Digging Up the Anthropocene

29 November 2017


Photograph by Ben Roberts.

A recent paper, The Working Group on the Anthropocene: Summary of evidence and interim recommendations, by Jan Zalasiewicz and twenty-four additional authors, considers the case for the formalization of the Anthropocene as a chronostratigraphic/geochronologic unit, i.e., a periodization of geological time. Since “Anthropocene” was proposed by Paul Crutzen in 2000 as a geological period marked by the impact of human beings upon the Earth, geologists have been attempting to determine if the geological record will someday bear the distinctive traces of human activity and whether (and this an interesting future contingent) geologists might someday be able to reliably locate and identify the Anthropocene boundary in the geological record. The emerging consensus is that there is, “…a clear synchronous signal of the transformative influence of humans on key physical, chemical, and biological processes at the planetary scale.” These synchronous signals are described as follows:

“A range of potential proxy signals emerged as potentially important during the analysis, for instance the spherical carbonaceous particles of fly ash (Rose, 2015; Swindles et al., 2015), plastics (Zalasiewicz et al., 2016), other ‘technofossils’ (Zalasiewicz et al., 2014a, 2016) and artificial radionuclides (Waters et al., 2015), changes to carbon and nitrogen isotope patterns (Waters et al., 2016) and a variety of fossilizable biological remains (Barnosky, 2014; Wilkinson et al., 2014). Many of these signals will leave a permanent record in the Earth’s strata.”

The Working Group on the Anthropocene: Summary of evidence and interim recommendations, by Jan Zalasiewicz, et al., Anthropocene, Volume 19, September 2017, Pages 55-60.

Will paleontologists of the future someday dig up technofossils, and from these technofossils attempt to reconstruct an entire technological infrastructure, much as we today reconstruct an extinct species from a single preserved vertebra or rib, and around the resulting organism we seek to reconstruct the entire vanished ecosystem in which that extinct species made its home?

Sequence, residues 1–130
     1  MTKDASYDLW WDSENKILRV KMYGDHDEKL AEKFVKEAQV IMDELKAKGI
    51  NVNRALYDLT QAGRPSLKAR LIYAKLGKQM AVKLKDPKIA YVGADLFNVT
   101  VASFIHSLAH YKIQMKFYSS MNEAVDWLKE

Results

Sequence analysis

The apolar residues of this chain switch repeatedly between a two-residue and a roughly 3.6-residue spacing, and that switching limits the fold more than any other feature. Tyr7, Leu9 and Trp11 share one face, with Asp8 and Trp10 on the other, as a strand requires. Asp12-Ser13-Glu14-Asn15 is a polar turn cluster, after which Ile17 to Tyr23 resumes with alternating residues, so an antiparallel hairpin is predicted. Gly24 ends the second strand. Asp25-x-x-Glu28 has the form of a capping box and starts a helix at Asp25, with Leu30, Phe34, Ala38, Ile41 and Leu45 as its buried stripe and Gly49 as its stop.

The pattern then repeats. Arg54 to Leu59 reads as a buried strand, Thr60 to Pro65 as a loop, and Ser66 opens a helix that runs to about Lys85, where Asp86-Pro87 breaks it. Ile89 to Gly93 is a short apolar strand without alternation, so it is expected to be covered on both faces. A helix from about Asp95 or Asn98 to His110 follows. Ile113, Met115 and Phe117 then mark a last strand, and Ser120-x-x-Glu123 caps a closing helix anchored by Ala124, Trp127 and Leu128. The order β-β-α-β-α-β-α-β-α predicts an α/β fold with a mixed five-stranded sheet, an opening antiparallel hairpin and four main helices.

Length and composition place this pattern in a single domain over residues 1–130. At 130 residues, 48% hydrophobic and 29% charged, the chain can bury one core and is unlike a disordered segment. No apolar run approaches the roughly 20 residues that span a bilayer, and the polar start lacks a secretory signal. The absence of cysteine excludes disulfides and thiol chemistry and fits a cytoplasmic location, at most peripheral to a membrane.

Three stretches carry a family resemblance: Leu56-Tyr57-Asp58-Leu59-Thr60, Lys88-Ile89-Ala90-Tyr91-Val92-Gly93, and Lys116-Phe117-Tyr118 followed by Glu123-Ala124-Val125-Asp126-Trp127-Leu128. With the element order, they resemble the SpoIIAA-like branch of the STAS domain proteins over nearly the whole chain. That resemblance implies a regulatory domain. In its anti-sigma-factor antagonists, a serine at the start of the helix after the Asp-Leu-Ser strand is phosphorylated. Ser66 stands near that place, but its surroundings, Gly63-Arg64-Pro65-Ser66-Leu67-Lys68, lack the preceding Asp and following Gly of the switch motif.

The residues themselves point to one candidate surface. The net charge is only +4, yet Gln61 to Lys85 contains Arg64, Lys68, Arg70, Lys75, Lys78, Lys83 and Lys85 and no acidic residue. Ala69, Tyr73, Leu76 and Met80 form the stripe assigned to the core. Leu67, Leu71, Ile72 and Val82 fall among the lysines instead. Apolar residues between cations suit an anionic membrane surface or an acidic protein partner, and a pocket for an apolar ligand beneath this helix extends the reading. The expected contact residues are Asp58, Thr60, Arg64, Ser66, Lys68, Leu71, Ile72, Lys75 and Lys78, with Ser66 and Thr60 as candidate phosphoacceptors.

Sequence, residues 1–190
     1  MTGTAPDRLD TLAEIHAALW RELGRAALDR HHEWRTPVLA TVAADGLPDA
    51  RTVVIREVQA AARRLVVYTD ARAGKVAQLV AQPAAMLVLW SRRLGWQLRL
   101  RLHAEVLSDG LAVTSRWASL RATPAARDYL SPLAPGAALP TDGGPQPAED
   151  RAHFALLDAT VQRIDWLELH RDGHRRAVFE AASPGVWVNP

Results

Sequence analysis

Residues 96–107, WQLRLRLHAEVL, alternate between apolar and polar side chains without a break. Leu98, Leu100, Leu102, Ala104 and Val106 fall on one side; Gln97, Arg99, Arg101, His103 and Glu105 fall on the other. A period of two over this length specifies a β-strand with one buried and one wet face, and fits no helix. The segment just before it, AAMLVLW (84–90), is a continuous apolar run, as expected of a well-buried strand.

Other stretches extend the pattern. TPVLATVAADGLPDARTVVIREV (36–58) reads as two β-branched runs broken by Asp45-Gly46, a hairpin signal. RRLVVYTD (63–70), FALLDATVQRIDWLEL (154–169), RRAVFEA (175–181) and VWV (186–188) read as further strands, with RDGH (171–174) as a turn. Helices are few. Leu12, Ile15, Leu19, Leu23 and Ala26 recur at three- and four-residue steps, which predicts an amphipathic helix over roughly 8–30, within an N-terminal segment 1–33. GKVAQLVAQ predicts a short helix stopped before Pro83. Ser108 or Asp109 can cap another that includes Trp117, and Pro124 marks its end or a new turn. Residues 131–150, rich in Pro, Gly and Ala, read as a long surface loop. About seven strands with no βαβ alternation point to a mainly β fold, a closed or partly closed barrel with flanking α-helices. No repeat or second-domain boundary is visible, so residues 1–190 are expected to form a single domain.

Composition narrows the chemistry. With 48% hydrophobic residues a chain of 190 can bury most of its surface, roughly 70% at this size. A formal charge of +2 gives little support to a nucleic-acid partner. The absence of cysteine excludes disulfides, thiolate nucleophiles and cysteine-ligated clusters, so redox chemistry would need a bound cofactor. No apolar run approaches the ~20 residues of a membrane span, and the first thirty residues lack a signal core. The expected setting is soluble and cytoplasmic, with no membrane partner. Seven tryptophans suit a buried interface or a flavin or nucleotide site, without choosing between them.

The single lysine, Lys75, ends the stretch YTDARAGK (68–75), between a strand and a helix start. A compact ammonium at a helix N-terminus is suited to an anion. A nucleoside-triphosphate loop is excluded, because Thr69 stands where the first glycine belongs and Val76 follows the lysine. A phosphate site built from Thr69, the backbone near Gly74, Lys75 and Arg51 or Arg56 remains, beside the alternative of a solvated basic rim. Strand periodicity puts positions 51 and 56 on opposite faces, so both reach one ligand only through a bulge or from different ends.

Recently I was prompted to think about the Anthropocene from a paleontological perspective by a Twitter post by Ben Roberts, which included images of automobiles being degraded by weathering (these photographs are included in this post). In response to these images I wrote that I would like to see what the fossils of these automobiles would look like in ten million years. This caused me to think about the possibility of the artifacts of human civilization that might be preserved over geological scales of time. The signals mentioned above in the paper quoted all constitute microfossils that would begin to appear in the geological record for the first time with the advent of the Anthropocene, but I also wonder if larger artifacts might be preserved in the geological record.

Photograph by Ben Roberts.

The tissues of organisms — sometimes even soft tissues — are preserved in the geological record through several different processes. While it is unlikely that human artifacts would be fossilized by replacement and recrystallization or by adpression, it seems possible that technological fossils could be formed through permineralization or through casts and molds. It is easy to imagine that the hulk of an automobile, a train, or even an entire industrial facility might fill with sediment, and though the steel would rust away, that rust would be preserved in situ more or less in its finished form by the sediment hardening into sedimentary rock around it. A careful paleontologist thus might be able to excavate an entire locomotive by means of rust encased in sedimentary rocks.